living in Townsville, leaving Townsville

When you buy milk with an expiry date past your departure day, you know it’s soon.

Living in Townsville was interesting. My favourite euphemism. Named after it’s founder, Mr Robert Towns, city’s name is quite accurate to its modern appearance. It is a town build up almost entirely of suburbs, a mosaic of little villages within a bigger structure with a strangely small CBD and few main streets full of architectural monsters – supermarkets and cube-shaped offices. Each suburb is made of impractically winding streets lined up with houses with their neatly mowed lawns. An amoeba-like structure sprawling in every direction. Suburbs which have neither pavements, for no one walks anywhere in Oz, nor children playing in the streets, I don’t really know why. They do remind me of Reynolds’ ‘Little Boxes’, a song well-known to anyone who watched at least one episode of ‘Weeds’.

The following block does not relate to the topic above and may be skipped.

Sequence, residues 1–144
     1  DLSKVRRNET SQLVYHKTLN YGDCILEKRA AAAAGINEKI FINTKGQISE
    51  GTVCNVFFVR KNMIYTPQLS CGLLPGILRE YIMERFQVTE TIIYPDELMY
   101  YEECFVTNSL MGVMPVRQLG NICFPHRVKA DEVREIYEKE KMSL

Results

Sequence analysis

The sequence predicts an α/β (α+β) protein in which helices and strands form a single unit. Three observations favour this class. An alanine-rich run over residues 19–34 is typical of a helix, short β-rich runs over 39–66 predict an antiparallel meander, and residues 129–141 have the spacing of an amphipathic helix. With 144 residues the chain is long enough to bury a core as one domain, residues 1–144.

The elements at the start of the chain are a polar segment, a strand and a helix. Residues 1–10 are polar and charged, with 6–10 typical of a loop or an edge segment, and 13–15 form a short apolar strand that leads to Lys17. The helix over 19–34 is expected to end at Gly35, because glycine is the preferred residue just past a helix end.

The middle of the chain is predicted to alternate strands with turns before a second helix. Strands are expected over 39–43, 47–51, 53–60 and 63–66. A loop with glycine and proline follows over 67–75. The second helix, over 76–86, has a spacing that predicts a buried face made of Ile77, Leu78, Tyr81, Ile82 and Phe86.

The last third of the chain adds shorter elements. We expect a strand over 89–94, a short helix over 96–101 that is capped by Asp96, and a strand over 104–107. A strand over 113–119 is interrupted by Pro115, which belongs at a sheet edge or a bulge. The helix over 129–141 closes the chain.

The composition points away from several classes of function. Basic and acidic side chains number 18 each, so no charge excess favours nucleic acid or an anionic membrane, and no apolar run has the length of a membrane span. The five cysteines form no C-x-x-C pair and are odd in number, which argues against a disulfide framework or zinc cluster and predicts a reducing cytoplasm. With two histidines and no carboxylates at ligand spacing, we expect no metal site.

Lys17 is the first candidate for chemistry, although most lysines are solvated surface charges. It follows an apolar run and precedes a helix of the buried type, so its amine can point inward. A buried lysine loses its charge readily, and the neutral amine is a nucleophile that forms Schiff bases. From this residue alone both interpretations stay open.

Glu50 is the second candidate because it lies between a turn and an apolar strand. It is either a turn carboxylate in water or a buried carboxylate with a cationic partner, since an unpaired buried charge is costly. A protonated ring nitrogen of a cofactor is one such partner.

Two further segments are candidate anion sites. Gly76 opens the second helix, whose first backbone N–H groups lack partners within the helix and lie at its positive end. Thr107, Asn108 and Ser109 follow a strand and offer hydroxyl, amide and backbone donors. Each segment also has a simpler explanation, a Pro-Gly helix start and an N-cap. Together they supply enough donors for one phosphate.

But staying in one of the Townsvillian suburbs gave me an amazing opportunity – living in a house. Together with an Aussie, an American and a Norwegian girl, we were renting a  spacious multicultural house just a stone’s throw from a river stunningly beautiful at every time of day. A house with a proper size kitchen and living room, and porch, and garage, and yard. Something I’m aware I won’t be able to afford for many forthcoming years. An amazing change after renting a tiny apartment in a block of flats, where kitchen doesn’t have windows, walls let you hear everything your neighbour says at their dinner table, and non-existent balconies built so close together that you have to close your windows if people next door are smoking in order not to choke.

Yes, as old and falling apart as it was, I will miss my little “ticky-tacky” box.

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